I’m sure you’ve heard that incredulous gasp or moment of silence on the other end of the phone when you tell someone that they might benefit by considering an interest-only adjustable-rate mortgage (ARM). It’s as if the very mention of an interest-only ARM places you in a category of being, “One of THOSE”—a big bad mortgage broker who singlehandedly caused the whole housing, financial and economic crisis. So, I have two questions for you: 1. What role, if any, do interest-only ARMs have for today’s borrower? 2. If they do have a role, what is the most effective way to present this option to clients, prospects, and referral partners without looking and sounding like a lunatic? The case of the missing $100,000 Consider a situation where a client has a 4.5 percent, $200,000, 15-year mortgage on a home that would be worth $500,000 under normal market conditions. The client wants to buy a new home immediately. They want to take advantage of the $6,500 long-time resident tax credit; they want to participate in the Fed’s $1.25 trillion mortgage rate subsidy; they want to get a fantastic deal on the purchase of a new home given the low housing values and buyer’s market. However, due to the foreclosures and distressed sales in their neighborhood, they could only get $400,000 if they sold their current home today. If they wait a few years, the neighborhood values should recover to the point where they could get $500,000 for the house and pocket an extra $100,000. However, they don’t want to wait a few years to buy a new place. What, if anything can be done for these people?? Assume they could qualify for two mortgages, the one on the old home, while they keep it and wait for home values to recover, and a new mortgage on the new home that they purchase. Here’s a strategy that could make a lot of sense: ► Keep the old home and turn it into a rental, charging just enough rent to cover expenses. ► Refinance the $200,000, 15-year mortgage on the old home into a 70 LTV non-owner-occupied $280,000, seven-year interest-only mortgage. The borrower would need to pay about four points plus closing costs to get a 4.5 percent interest rate. They would walk away with about $66,000 in net cash-out proceeds that would be used as a downpayment on the new home. ► The monthly payment on the $280,000, seven-year, interest-only mortgage would be $1,050, compared the client’s current $1,530 monthly payment with their 15-year mortgage. The client saves $480/month in cash flow—which means they can charge below market rent on that property and still break even. This will result in finding a tenant more quickly, and avoiding the negative cash flow associated with having the property stay vacant. ► The client can sell the old home at any time within the next seven years once market values recover. At that time, they will pocket the $100,000 they would have lost had they sold the home today instead of refinancing into the interest only mortgage strategy outlined above. In spite of the brilliance of this strategy, you may be wondering, “How in the world do you get a client with a 720 credit score, who has never paid points in their life, to pay four points plus closing costs?” In this example, the four points plus about $2,500 in closing costs would total $13,700. This is a large sum of money to ask a borrower to pay—especially if they are used to getting “no cost loans” and/or not paying points. The best way to illustrate this for clients is to frame it in the context of an investment: “Mister or Missus Client, this strategy involves your making an upfront investment of $13,700. You are not making this investment out of pocket; it is being taken out of the loan amount. In other words, it’s like a no-money-down investment—it’s all being financed for you. So, the main question we need to answer here is: ‘What is the rate of return on this investment?’ If the rate of return is attractive to you, this investment opportunity would be very worthwhile and we should move forward. If the rate of return is unattractive, pass on this opportunity and find another use for your $13,700. Now, assume that this strategy allows you to sell the home in five years for $500,000 instead of selling the home today for $400,000. This means that we are paying $13,700 today, in order to end up with an extra $100,000 in five years. The rate of return on your investment in that scenario would be 48.81 percent annually. In other words, Mister or Missus Client, if you are happy earning 48.81 percent per year on a $13,700 investment, it would make perfect sense for you to implement the strategy that I have outlined here.” Wow!! Can you imagine the impact you would have if you were able to have this type of a conversation with a client? I’ve got to tell you, this is much more invigorating than haggling with people over 1/8th of a point in interest rate or a $100 difference in appraisal fee versus the mortgage company next door. What makes you different than the competition is that you focus on the overall mortgage and housing strategy and what the strategy can do for the client’s life. In this case, the strategy involves a seven-year, interest-only ARM with a whopping $13,700 in fees. The result is an extra $100,000 in your client’s pocket over a five-year timeframe. What can they do with an extra $100,000? Anything! They could use the $100,000 to send their kids to a better college without getting too far into debt; they could use the funds to help care for elderly parents, retire earlier, buy a boat or a car, or make some home improvements … the list is endless. The bottom line here is that yes, interest-only ARMs do play a role for today’s borrower; and yes, you can effectively present this option to clients, prospects and referral partners without looking and sounding like a lunatic. In fact, Certified Mortgage Planning Specialist (CMPS) certification is focused on helping you make 2010 your best year ever, using killer strategies and scripts like the ones outlined above—not only with interest-only ARMs, but also with “plain vanilla” fixed-rate loans and other strategies.  Gibran Nicholas is the founder and chairman of the CMPS Institute, which administers the Certified Mortgage Planning Specialist (CMPS) designation. The CMPS Institute has enrolled more than 5,500 members since its founding in 2005. Gibran is also the chairman of Published Daily, a customizable online magazine, newsletter and marketing service that helps professionals transform their clients and prospects into a referral-generating sales force.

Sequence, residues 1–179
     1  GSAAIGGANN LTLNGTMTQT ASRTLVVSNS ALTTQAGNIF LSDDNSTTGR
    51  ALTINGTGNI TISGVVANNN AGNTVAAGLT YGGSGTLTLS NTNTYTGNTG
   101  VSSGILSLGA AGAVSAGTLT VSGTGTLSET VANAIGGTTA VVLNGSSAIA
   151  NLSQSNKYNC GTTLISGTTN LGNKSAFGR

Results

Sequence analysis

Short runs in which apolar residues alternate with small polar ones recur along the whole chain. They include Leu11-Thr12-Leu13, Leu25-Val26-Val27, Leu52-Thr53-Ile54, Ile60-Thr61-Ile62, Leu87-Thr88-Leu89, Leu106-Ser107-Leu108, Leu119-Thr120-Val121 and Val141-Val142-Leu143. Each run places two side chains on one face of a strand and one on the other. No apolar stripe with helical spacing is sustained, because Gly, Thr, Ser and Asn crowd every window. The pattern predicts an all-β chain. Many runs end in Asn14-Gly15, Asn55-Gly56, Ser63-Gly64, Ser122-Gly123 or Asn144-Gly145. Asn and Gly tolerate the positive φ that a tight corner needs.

Published
Mar 01, 2010